Assuming the variables are positive or non-negative the edges of the edge are are just points beyond which the data would become 0 or negative respectively. As such real-life data tend to be right skewed, we see greater density of points at the low end of their distribution and hence greater density at the "point" of the wedge.
More generally, PCA is simply a rotation of the data and constraints on those data will generally be visible in the principal components in the same manner as shown in the question.
Here is an example using several log-normally distributed variables:
df <- data.frame(matrix(rlnorm(5*10000), ncol = 5))
plot(rda(df), display = "sites")
Depending on the rotation implied by the first two PCs, you might see the wedge or you might see a somewhat different version, show here in 3d using (
ordirgl() in place of
Here, in 3d we see multiple spikes protruding from the centre mass.
For Gaussian random variables ($X_i \sim \mathcal(N)(\mu = 0, \sigma = 1)$) where each has the same mean and variance we see a sphere of points
df2 <- data.frame(matrix(rnorm(5*10000), ncol = 5))
plot(rda(df2), display = "sites")
And for uniform positive random variables we see a cube
df3 <- data.frame(matrix(runif(3*10000), ncol = 3))
plot(rda(df3), display = "sites")
Note that here, for illustration I show the uniform using just 3 random variables hence the points describe a cube in 3d. With higher dimensions/more variables we can't represent the 5d hypercube perfectly in 3d and hence the distinct "cube" shape gets distorted somewhat. Similar issues effect the other examples shown, but it's still easy to see the constraints in those examples.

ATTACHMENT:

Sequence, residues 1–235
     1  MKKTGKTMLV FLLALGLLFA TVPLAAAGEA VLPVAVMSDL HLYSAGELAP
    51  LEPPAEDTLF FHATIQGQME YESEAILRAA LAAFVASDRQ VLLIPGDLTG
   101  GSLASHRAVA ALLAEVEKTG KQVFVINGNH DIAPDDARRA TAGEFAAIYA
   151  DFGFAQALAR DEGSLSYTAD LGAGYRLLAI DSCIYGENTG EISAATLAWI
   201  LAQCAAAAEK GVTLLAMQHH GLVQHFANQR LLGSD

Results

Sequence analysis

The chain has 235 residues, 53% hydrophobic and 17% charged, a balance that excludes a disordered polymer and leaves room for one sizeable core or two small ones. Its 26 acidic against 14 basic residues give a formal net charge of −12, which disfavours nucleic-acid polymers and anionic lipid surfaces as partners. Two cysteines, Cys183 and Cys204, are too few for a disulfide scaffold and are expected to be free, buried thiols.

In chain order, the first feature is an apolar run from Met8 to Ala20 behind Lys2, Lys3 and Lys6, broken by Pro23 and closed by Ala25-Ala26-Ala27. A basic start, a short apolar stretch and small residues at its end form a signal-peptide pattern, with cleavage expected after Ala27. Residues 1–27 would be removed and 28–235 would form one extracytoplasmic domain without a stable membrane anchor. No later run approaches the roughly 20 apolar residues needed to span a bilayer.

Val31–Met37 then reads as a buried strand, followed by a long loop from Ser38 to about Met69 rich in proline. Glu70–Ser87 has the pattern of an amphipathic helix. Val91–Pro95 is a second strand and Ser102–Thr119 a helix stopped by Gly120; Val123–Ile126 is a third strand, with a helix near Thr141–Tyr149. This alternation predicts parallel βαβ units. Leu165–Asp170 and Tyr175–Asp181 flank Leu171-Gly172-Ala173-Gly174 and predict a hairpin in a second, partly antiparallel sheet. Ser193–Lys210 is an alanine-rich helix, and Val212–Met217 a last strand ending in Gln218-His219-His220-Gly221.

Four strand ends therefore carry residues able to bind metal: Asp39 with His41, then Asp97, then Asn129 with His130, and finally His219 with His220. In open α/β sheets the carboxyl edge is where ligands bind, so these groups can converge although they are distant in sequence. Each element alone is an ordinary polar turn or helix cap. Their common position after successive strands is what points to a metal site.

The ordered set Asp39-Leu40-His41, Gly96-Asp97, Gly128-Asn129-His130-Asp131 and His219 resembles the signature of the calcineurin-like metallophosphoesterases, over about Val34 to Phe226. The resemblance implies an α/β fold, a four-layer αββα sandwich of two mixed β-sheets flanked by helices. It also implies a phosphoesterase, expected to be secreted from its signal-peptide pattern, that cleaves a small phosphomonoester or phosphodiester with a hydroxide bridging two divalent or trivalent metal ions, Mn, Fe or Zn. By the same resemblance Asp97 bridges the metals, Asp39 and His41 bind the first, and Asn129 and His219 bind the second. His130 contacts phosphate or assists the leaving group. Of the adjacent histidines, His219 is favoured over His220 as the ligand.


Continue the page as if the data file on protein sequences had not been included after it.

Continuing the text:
For your data, a log transformation of the variables prior to PCA would pull in the tails and stretch out the clumped data, just as you might use such a transformation in a linear regression.
Other shapes can crop up in PCA plots; one such shape is an artefact of the metric representation preserved in the PCA and is known as the horseshoe. For data with a long or dominant gradient (samples arranged along a single dimension with variables increasing from 0 to a maximum and then decreasing again to 0 along portions of the data are well known to generate such artefacts. Consider
ll <- data.frame(Species1 = c(1,2,4,7,8,7,4,2,1,rep(0,10)),
Species2 = c(rep(0, 5),1,2,4,7,8,7,4,2,1, rep(0, 5)),
Species3 = c(rep(0, 10),1,2,4,7,8,7,4,2,1))
rownames(ll) <- paste0("site", seq_len(NROW(ll)))
matplot(ll, type = "o", col = 1:3, pch = 21:23, bg = 1:3,
ylab = "Abundance", xlab = "Sites")
which produces an extreme horseshoe, where points at the ends of the axes bend back into the middle.